Before VHB's presentation, engineer Jeff Randall shows the commission plans for the construction of a new garage and house addition on Burt Street.
ADAMS, Mass. — The Conservation Commission saw plans to overhaul a portion of Route 8 that will improve road condition and drainage, and narrow the road.
Christine Champeau and Gene Crouch of VHB on Thursday and went over plans to rebuild about a mile of Route 8 from the Liberty Street intersection to where the bridge on Grove Street crosses over the Ashuwillticook Rail Trail.
"There is a little bit of riverfront area there that we are in," Champeau said. "We pass over two bridges over the Hoosic River."
The project will be funded by the state Department of Transportation but the town is on the hook for the design.
Champeau said the resurfacing will be full-depth pavement and will reduce the road width to about 11-foot lanes with 5-foot shoulders.
"It will be a nice new surface and I know that is one thing the residents are unhappy about — the current pavement conditions out there," she said.
The sidewalks will also be revamped on both sides of the road over the entire span of the project.
Champeau said they are working in conjunction with the Water Department, which also plans to do some work in this section of town. She said they do not want to put down new pavement just to have it ripped up again.
Commissioner Thomas Robinson made an unrelated comment about the narrowing of the road and noted it would be more difficult, especially during the winter, to pass on the right.
"That's what we need to slow the traffic down ... at least you had a shot to get by them. Now you don''t," he said. "That is just one man's opinion, it doesn't matter."
Commissioner Natasha Bordeaux said it may be good to slow traffic down a bit on Route 8. She added that people may pay more attention while driving.
Champeau said narrowing the road would eliminate nearly 1,700 square feet of pavement.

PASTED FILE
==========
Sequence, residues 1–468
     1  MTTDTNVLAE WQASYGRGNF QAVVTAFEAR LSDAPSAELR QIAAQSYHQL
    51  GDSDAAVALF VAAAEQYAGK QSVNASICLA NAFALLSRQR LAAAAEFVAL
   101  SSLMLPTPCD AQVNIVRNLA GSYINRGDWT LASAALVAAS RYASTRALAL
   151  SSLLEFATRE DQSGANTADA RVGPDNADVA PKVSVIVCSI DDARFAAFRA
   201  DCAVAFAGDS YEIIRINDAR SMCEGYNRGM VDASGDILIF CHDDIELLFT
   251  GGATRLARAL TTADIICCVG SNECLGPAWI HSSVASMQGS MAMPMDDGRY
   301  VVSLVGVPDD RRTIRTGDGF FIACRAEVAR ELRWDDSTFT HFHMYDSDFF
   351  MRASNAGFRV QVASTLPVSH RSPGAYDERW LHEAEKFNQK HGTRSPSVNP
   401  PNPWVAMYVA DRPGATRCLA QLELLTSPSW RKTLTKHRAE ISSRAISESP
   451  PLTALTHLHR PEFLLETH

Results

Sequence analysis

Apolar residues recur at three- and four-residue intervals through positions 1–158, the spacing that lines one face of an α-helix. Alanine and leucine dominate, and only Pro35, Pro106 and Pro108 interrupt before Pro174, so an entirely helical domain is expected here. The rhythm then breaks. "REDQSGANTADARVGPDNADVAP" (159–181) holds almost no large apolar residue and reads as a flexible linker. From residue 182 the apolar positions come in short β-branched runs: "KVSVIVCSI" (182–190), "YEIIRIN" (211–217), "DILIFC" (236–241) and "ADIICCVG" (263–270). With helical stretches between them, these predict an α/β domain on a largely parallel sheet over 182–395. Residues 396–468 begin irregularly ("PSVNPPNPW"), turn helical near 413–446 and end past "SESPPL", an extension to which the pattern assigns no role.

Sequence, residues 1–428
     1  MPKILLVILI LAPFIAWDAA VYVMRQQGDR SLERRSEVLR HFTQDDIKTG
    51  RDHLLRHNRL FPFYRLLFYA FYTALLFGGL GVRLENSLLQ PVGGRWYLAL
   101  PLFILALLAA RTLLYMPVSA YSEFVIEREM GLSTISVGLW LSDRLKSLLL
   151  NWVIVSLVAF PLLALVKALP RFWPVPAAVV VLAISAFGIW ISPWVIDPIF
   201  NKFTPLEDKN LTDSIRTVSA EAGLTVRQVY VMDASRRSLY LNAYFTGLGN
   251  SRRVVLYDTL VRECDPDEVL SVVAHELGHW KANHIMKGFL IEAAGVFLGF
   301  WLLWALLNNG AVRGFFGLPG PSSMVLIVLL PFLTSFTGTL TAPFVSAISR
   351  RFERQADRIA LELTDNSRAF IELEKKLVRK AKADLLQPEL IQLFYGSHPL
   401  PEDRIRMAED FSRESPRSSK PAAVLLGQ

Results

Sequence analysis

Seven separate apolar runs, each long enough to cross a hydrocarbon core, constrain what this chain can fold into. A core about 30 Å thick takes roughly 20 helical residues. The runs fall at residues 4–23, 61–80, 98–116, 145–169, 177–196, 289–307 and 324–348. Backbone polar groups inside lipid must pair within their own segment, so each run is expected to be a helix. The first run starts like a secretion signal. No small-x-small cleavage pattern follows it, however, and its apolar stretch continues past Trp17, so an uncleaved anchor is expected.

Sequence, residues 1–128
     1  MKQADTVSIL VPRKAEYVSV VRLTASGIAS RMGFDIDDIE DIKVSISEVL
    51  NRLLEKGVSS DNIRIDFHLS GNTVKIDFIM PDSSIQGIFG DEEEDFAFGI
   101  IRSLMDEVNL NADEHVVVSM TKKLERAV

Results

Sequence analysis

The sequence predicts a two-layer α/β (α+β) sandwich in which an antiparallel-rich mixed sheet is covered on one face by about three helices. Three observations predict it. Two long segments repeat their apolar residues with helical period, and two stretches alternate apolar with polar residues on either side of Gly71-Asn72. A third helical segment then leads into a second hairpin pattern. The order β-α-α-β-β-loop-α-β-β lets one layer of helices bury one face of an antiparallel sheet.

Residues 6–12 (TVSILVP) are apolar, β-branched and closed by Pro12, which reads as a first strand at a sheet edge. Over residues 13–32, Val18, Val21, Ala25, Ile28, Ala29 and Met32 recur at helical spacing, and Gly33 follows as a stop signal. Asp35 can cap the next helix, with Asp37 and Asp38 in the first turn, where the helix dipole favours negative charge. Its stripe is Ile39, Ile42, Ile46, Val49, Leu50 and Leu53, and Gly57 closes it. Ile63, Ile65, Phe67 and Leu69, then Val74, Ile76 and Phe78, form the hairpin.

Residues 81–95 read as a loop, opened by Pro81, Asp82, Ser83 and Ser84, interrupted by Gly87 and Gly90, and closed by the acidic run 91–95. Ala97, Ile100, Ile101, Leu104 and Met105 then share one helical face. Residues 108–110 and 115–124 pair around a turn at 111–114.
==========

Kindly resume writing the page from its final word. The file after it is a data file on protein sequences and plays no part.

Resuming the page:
Crouch explained that the new drainage — that includes13 rain gardens — will help filter water before releasing it.
"Its is like a landscape planter for the sidewalk so it should look pretty nice and have a nice function," he said.
Robinson liked the proposed system but was concerned it would mean more work for the town's Department of Public Works.
Director of Community Development Donna Cesan agreed but noted there were more involved drainage options the town could have taken that would need a higher amount of maintenance. She added that now that the town is in the state MS4 (multiple separate storm sewer systems) program this is work the DPW will have to do anyways.
"It is something the DPW will have to be trained on ... but this is something we are going to have to be doing more of," she said.
Crouch touched on some state Department of Conservation and Recreation concerns, including the stormwater management system that he suspects DCR does not approve of because the chosen system is not directly out of the "stormwater handbook." He said this system is a creative solution and improves the system by 25 percent.
The commission did not have a quorum so took no vote nor furthered discussion.
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ADAMS, Mass. — The "Banners for Fallen Heroes" project has found a sponsor.
The project, which will honor Adams' servicemen and -women killed while serving the country with a banner hanging from utility poles through downtown, caught the eye of Adams Community Bank and it has stepped up to cover the associated costs.
"This is a no-brainer for our hometown. We know there will be some press obviously but we're not looking for that. This was something that was just right to do," said President and CEO Charlie O'Brien at this week's Fallen Heroes committee meeting. "These people have served our country so well, so nobly. Once we got some of the details everything just fell into place. It was something we had to do. We're happy and honored to be part of this project."
Selectman James Bush is part of the group and had trouble believing what he was hearing when he got the call from Senior Vice President of Lending Maureen Baran.
The Selectmen had asked Treasurer/Tax Collector Kelly Rice for a general health check of the town's collection progress at a meeting earlier this month and were pleased to hear her say on Wednesday that the numbers are generally positive.
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